Watch out! I think these 2 FTSE 100 strugglers could blow a hole in your portfolio

View of a gold mine from above
View of a gold mine from above

Mining stocks are notoriously volatile, their share prices shifting with the economic weather. Right now, there’s an ill wind blowing right across the sector.

Heavy metals

FTSE 100-listed Chilean copper miner Antofagasta Holdings(LSE: ANTO) and gold and silver miner Fresnillo(LSE: FRES) are down 18% and 35%, respectively, over the past year, as the slowing global economy in general, and China in particular, knock sentiment.

Both have remained steady today after their latest updates relayed positive news on production, offset by wider macro worries.

Antofagasta CEO Iván Arriagada hailed a strong end to the year with record quarterly production rising 16.8% to 220,000 tonnes. “This is at the top end of our revised guidance,” he said. Production climbed at all operations and by 68.3% at Centinela Concentrates.

Production values

Net cash costs in the quarter fell to $0.99/lb, the lowest since 2012. Arriagada said operations have achieved an improved level of stability and “we go into 2019 with real momentum for what we expect to be another record-setting year,” with production increasing by up to 9% to 750-790,000 tonnes at net cash costs of $1.30/lb.

Gold production rose 87.1% to 90,000 ounces in Q4, due to higher throughput, grades and recoveries at Centinela. So overall a bullish report against the backdrop of a slide in the copper price, from around $3.25 one year ago, to $2.74 today.

Cyclical play

City analysts reckon the £8bn giant could deliver 31% earnings growth in 2019, and 7% the year after. Its forecast yield is currently 3%, with cover of 2.4. The stock is valued at 14.9 times forecast earnings, although you could have bought it for 12.6 times in last month’s slump. As ever, much now depends on the global economy. If the pessimists are wrong, now could be a good time to buy. But if they’re right…

Fresnillo is also exposed to economic winds, but in a different way. As a precious metals producer it often does well when other miners do badly, because investors rush to buy its stock as a safe haven when storms hit the market.

That said, it hasn’t done well over the last troubled year, although it has recovered in recent weeks, along with everybody else.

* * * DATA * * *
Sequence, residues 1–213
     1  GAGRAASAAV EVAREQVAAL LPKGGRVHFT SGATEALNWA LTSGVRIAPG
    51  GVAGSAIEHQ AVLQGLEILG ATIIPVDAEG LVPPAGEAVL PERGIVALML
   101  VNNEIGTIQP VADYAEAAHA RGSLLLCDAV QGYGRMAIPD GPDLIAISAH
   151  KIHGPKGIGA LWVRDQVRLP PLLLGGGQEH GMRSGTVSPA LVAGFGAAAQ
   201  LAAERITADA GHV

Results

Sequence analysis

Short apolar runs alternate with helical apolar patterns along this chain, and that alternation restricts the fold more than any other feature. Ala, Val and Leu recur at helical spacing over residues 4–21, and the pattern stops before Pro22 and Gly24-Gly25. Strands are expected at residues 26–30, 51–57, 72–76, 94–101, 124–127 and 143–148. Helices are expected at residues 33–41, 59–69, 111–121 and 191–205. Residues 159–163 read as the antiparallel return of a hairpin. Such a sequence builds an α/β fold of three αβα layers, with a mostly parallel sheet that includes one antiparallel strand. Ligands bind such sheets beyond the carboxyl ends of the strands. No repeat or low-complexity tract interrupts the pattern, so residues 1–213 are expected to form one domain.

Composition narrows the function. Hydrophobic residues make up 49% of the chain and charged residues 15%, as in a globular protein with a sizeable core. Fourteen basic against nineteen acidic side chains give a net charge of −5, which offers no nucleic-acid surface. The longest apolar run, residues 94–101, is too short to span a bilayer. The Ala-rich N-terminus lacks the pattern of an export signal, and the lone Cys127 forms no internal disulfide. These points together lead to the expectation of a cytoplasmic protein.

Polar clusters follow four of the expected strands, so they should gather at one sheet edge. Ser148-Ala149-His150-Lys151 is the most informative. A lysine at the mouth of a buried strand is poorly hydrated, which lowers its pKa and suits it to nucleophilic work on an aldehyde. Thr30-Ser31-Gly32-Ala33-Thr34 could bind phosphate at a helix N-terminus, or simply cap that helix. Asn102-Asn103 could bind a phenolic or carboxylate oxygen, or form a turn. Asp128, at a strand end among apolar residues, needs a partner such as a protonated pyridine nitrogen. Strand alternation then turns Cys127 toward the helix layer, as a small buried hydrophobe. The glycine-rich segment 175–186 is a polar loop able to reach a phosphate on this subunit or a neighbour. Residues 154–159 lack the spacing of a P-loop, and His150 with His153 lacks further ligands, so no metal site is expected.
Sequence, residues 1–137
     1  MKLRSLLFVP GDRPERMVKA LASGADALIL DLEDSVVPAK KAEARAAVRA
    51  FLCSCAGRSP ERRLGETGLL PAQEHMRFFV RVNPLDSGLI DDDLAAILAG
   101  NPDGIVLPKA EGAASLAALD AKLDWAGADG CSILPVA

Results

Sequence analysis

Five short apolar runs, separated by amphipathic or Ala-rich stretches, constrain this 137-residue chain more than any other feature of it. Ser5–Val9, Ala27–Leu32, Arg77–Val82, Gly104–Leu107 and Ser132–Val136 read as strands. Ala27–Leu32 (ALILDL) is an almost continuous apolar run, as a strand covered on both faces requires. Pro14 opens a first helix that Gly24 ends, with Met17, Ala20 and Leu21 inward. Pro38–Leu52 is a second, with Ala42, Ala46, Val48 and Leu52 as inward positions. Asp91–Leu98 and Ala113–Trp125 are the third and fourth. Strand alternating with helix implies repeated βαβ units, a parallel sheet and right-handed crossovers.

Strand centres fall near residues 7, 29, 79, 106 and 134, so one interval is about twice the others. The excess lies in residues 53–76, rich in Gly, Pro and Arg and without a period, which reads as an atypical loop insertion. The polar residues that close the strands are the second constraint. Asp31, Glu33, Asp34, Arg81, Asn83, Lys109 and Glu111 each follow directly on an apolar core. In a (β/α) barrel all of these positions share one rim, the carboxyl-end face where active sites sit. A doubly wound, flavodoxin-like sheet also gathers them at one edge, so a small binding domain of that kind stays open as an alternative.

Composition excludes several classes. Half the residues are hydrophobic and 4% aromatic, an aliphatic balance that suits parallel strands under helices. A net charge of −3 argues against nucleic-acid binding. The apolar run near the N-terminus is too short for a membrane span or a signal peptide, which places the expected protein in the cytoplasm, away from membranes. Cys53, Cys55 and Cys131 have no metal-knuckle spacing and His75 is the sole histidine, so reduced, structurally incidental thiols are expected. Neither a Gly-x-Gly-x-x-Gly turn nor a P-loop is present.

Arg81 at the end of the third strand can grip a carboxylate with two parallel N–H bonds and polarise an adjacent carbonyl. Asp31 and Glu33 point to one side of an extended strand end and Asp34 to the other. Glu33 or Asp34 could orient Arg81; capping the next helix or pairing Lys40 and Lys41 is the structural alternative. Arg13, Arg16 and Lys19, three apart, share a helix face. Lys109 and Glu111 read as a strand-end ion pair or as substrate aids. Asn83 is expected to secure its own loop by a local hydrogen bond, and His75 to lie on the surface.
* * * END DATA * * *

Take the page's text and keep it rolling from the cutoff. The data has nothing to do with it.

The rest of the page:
Silver machine

Today, the £6.70bn group reported a 5.3% rise in annual silver production to a record high of 61.8m ounces, mainly due to the first full year of operations at the San Julián operation. However, quarterly silver production was flat at 15.5m ounces and down 3.2% over the year, due to lower volumes and ore grades at Fresnillo and Saucito.

Quarterly gold production grew 3% but was flat year-on-year, while full-year by-product lead and zinc production rose 10.4% and 35.6%, respectively. CEO Octavio Alvídrez said record silver and “strong” gold production failed to mask what was a “challenging year,” and Fresnillo is now investing in equipment and infrastructure, and intensifying its drilling programmes, to boost production.

The stock trades at 20.3 times forecast earnings, which is pricey given those challenges, although City analysts reckon earnings will rise 8% in 2019, and 15% in 2020. The yield is 2.6%, with cover of 1.9. Royston Wild reckons Fresnillo may benefit from further Brexit chaos, but I think there are brighter and shinier stocks out there.

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harveyj has no position in any of the shares mentioned. The Motley Fool UK has recommended Fresnillo. Views expressed on the companies mentioned in this article are those of the writer and therefore may differ from the official recommendations we make in our subscription services such as Share Advisor, Hidden Winners and Pro. Here at The Motley Fool we believe that considering a diverse range of insights makes us better investors.